Large-Range Frequency Tuning of a Narrow-Linewidth Quantum Emitter

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    A hybrid system of a semiconductor quantum dot single photon source and a rubidium quantum memory represents a promising architecture for future photonic quantum repeaters. One of the key challenges lies in matching the emission frequency of quantum dots with the transition frequency of rubidium atoms while preserving the relevant emission properties. Here, we demonstrate the bidirectional frequency-tuning of the emission from a narrow-linewidth (close-to-transform-limited) quantum dot. The frequency tuning is based on a piezoelectric strain-amplification device, which can apply significant stress to thick bulk samples. The induced strain shifts the emission frequency of the quantum dot over a total range of 1.15 THz1.15\ \text{THz}, about three orders of magnitude larger than its linewidth. Throughout the whole tuning process, both the spectral properties of the quantum dot and its single-photon emission characteristics are preserved. Our results show that external stress can be used as a promising tool for reversible frequency tuning of high-quality quantum dots and pave the wave towards the realisation of a quantum dot -- rubidium atoms interface for quantum networking.Comment: 6 pages, 3 figure

    On the Use of Network Flow Techniques for Assigning Evacuees to Exits

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    We apply network flow techniques to find good exit selections for evacuees in an emergency evacuation. More precisely, we present two algorithms for computing exit distributions using both classical flows and flows over time which are well known from combinatorial optimization. The performance of these new proposals is compared to a simple shortest path approach and to a best response dynamics approach by using a cellular automaton model

    Coding RNAs with a non-coding function: Maintenance of open chromatin structure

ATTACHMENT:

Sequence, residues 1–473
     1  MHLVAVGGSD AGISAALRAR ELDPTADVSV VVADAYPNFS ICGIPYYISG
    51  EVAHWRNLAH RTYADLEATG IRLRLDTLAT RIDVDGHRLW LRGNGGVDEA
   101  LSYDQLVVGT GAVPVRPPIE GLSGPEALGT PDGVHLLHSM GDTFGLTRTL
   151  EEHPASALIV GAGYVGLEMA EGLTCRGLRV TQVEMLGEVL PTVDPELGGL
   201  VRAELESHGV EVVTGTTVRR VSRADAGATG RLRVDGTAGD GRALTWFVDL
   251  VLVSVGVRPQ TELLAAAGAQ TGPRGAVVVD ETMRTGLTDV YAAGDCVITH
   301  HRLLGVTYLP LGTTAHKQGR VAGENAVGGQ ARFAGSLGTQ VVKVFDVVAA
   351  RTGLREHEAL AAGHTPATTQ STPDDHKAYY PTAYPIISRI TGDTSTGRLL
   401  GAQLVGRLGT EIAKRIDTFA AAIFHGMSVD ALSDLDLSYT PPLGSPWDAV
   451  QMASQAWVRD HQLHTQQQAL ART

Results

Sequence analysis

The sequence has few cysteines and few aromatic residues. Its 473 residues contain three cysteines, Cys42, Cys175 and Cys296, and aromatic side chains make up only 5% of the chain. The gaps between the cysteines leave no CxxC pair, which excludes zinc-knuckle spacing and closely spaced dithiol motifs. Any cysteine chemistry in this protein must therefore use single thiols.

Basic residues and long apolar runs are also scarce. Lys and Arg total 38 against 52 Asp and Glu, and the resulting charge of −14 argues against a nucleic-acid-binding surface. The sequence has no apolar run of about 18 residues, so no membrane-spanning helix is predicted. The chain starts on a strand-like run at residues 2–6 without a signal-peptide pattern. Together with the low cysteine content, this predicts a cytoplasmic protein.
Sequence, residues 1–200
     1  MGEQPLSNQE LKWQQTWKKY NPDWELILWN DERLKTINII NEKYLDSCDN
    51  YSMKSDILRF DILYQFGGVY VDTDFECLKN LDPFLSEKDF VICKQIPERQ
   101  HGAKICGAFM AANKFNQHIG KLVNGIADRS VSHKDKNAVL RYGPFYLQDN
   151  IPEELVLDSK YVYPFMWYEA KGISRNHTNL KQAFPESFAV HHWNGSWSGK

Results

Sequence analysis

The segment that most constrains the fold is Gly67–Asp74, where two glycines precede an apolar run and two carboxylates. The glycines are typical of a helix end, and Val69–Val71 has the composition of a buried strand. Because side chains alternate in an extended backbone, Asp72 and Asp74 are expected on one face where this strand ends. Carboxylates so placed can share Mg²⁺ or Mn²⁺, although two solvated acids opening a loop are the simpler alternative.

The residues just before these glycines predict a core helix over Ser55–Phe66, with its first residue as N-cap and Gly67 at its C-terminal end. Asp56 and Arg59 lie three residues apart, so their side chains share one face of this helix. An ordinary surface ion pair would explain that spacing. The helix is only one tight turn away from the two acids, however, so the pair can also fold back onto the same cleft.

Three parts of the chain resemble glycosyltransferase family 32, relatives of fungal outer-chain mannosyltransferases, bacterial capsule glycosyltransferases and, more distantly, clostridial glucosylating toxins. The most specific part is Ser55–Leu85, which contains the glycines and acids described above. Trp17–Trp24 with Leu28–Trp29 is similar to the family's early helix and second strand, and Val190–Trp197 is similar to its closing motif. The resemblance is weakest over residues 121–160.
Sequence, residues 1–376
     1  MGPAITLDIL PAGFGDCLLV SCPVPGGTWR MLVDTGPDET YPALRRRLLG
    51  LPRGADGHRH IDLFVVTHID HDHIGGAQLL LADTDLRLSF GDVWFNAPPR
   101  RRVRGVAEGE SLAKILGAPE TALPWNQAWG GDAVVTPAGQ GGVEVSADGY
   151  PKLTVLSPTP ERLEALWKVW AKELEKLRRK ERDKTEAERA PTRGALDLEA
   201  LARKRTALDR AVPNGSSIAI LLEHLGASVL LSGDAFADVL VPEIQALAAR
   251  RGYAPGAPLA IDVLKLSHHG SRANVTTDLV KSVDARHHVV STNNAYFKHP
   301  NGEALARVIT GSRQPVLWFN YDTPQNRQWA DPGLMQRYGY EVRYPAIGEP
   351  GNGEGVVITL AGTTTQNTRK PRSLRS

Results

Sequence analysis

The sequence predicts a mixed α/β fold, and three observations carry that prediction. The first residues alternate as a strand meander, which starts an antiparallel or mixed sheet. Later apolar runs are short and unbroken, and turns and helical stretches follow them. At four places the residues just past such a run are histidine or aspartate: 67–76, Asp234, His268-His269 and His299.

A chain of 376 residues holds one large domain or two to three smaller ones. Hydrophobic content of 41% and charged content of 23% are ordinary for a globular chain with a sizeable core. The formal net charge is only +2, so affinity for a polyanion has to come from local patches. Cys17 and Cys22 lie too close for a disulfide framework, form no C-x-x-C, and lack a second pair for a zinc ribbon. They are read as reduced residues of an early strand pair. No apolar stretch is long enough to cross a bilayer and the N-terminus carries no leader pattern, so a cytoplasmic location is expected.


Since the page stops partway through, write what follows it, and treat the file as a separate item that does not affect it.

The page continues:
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    The multi-layered organization of the genome in a large nucleoprotein complex termed chromatin regulates nuclear functions by establishing subcompartments with distinct DNA-associated activities. Here, we demonstrate that RNA plays an important role in maintaining a decondensed and biologically active interphase chromatin conformation in human and mouse cell lines. As shown by RNase A microinjection and fluorescence microscopy imaging, digestion of single-stranded RNAs induced a distinct micrometer scale chromatin aggregation of these decondensed regions. In contrast, pericentric heterochromatin was more resistant to RNase A treatment. We identified a class of coding RNA transcripts that are responsible for this activity, and thus termed these ‘chromatin-interlinking’ RNAs or ciRNAs. The initial chromatin distribution could be restored after RNase A treatment with a purified nuclear RNA fraction that was analyzed by high-throughput sequencing. It comprised long >500 nucleotides (nt) RNA polymerase II (RNAP II) transcripts that were spliced, depleted of polyadenylation and was enriched with long 3'-untranslated regions (3’-UTRs) above ~800 nt in length. Furthermore, similar reversible changes of the chromatin conformation and the RNAP II distribution were induced by either RNA depletion or RNAP II inhibition. Based on these results we propose that ciRNAs could act as genome organizing architectural factors of actively transcribed chromatin compartments